La Bourguignonne Pottery

La Bourguignonne pottery has a history dating back to 1848, when a young potter, Jacques Henry developed a passion for 'earth and fire' in a small workshop in Marcigny in his native Burgundy. Travelling France to learn from other potters, by 1870 he had his first workshop, which he passed onto his son, Paul. Paul exported the pottery of 'La Maison Henry' to Paris, where his Ruffled Pie Dish soon become the symbol of the company.  Paul's son Émile reinvigorated the company after the lack of labour during the two world wars. His grandson Jacque renamed the company Émile Henry, in tribute to his grandfather and the passion which has been handed down from generation to generation, the passion of Earth & Fire.
Émile Henry pottery is still Made in France as it always has been, and is available all over the world.
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  • French Originals

    Hi Linda, I am sorry, I could not say for sure one way or the other, however if it is not marked I would personally think that it was probably not Bourguignonne.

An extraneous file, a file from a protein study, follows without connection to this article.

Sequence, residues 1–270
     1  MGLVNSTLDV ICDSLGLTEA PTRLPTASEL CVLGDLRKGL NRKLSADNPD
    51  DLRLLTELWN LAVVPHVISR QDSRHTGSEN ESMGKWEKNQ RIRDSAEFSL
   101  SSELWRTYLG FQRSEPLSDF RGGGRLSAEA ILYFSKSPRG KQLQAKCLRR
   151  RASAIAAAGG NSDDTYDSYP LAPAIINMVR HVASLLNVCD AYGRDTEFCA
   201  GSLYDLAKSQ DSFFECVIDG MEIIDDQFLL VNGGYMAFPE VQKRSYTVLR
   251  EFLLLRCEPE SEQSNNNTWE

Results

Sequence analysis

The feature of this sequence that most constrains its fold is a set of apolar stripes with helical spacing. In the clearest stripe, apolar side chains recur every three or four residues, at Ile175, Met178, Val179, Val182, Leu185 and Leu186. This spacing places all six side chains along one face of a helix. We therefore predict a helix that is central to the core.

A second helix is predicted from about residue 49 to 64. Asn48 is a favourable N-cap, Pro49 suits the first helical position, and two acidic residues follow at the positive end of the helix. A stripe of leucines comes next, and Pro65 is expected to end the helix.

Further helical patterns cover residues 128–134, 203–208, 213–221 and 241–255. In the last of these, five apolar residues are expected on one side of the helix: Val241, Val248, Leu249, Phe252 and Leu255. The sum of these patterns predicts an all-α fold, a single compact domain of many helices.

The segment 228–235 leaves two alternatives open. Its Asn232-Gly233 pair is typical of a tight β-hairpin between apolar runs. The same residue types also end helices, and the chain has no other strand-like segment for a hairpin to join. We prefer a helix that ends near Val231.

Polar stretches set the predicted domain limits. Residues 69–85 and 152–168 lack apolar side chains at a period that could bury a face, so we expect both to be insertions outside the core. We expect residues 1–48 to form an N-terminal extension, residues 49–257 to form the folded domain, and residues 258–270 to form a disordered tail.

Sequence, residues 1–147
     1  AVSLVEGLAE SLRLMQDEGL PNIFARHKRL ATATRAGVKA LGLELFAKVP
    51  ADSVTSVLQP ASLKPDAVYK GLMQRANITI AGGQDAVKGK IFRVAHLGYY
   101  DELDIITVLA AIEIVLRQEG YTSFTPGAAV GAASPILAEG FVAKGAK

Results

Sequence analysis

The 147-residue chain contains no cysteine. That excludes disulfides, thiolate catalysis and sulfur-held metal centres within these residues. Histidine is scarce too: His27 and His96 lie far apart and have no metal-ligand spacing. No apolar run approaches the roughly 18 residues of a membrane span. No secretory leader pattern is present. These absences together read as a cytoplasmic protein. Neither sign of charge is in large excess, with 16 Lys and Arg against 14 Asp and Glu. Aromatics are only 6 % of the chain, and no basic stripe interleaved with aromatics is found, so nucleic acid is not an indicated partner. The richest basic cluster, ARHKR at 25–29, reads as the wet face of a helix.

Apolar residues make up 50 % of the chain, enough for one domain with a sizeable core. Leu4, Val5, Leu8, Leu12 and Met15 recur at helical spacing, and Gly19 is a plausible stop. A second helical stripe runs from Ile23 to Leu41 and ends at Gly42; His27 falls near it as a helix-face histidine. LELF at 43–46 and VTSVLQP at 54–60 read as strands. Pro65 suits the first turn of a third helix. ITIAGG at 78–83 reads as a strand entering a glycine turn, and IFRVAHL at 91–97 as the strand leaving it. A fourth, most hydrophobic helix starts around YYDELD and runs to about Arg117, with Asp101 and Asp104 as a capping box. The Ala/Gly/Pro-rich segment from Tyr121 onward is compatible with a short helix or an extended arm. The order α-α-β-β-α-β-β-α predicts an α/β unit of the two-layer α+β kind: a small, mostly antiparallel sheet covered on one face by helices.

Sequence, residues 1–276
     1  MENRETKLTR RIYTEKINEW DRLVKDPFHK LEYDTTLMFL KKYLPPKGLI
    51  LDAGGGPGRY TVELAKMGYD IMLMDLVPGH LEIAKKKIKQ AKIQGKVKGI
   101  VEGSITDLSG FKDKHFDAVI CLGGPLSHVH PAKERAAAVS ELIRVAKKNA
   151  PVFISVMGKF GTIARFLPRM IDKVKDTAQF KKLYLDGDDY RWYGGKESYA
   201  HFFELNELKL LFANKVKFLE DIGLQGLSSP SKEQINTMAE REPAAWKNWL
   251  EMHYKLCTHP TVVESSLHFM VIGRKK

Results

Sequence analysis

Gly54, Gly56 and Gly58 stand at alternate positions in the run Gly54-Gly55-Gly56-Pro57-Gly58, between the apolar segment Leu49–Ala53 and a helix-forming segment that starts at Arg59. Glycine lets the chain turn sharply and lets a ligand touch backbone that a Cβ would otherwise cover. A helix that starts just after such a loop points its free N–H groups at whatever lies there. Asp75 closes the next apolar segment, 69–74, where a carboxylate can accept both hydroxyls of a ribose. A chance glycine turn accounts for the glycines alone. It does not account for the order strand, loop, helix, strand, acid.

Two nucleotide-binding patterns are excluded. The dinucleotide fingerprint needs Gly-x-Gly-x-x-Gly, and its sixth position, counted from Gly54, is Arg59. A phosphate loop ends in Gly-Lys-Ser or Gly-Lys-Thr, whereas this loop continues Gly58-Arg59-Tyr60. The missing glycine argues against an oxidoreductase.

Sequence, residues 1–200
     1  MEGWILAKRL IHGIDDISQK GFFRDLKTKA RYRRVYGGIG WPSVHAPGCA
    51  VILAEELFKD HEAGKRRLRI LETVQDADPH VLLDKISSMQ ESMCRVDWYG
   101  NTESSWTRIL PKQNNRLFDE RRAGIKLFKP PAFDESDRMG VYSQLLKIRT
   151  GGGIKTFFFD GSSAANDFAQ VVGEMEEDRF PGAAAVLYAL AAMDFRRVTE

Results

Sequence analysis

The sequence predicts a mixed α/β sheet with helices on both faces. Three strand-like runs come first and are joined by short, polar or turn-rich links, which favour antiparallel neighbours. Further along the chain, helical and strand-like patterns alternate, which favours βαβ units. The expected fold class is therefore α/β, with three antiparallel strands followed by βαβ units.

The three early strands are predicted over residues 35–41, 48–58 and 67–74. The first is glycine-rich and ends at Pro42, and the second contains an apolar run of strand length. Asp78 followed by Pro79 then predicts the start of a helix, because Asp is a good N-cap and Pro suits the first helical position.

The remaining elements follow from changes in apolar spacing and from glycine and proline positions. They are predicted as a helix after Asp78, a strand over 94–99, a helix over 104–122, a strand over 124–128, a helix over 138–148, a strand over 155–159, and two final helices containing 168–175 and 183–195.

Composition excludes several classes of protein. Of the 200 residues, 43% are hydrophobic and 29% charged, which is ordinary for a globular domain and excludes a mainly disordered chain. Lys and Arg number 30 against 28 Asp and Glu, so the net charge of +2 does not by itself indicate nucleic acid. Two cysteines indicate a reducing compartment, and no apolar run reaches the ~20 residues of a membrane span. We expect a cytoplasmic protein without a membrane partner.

• Linda Buckles-Ortega

    Hello, are all the Bourguignonne hare terrines marked on the bottom?
    Thank you!

  • French Originals

    Hi Louise,
    Yes certainly I think that it would be worthwhile trying to sell your set, it will depend where in the world you are as to the best way to sell them. I have sent you an email.

  • Louise Thompson

    I inherited a set of six graduated glazed oval earthenware baking dishes from my step-mother, who obtained them in the 1950s, when she was living in France. They are each marked on the bottom: La Bourguinonne, and have the shield and key mark and a size number. Unfortunately, though I cook all the time, I rarely use them, as they are certainly not dishwasher safe.
    Should I try to sell them, or just donate them somewhere?

  • French Originals

    HI STEVE, The 5 on the bottom of your terrine will probably correspond to the size of your dish. If your dish has the same key mark – and you say it was brought back after the second WW then it was probably manufatured in the period after the first world War when they were trying to build the workforce up again, most of the dishes I have seen with this mark date from the 1950’s.

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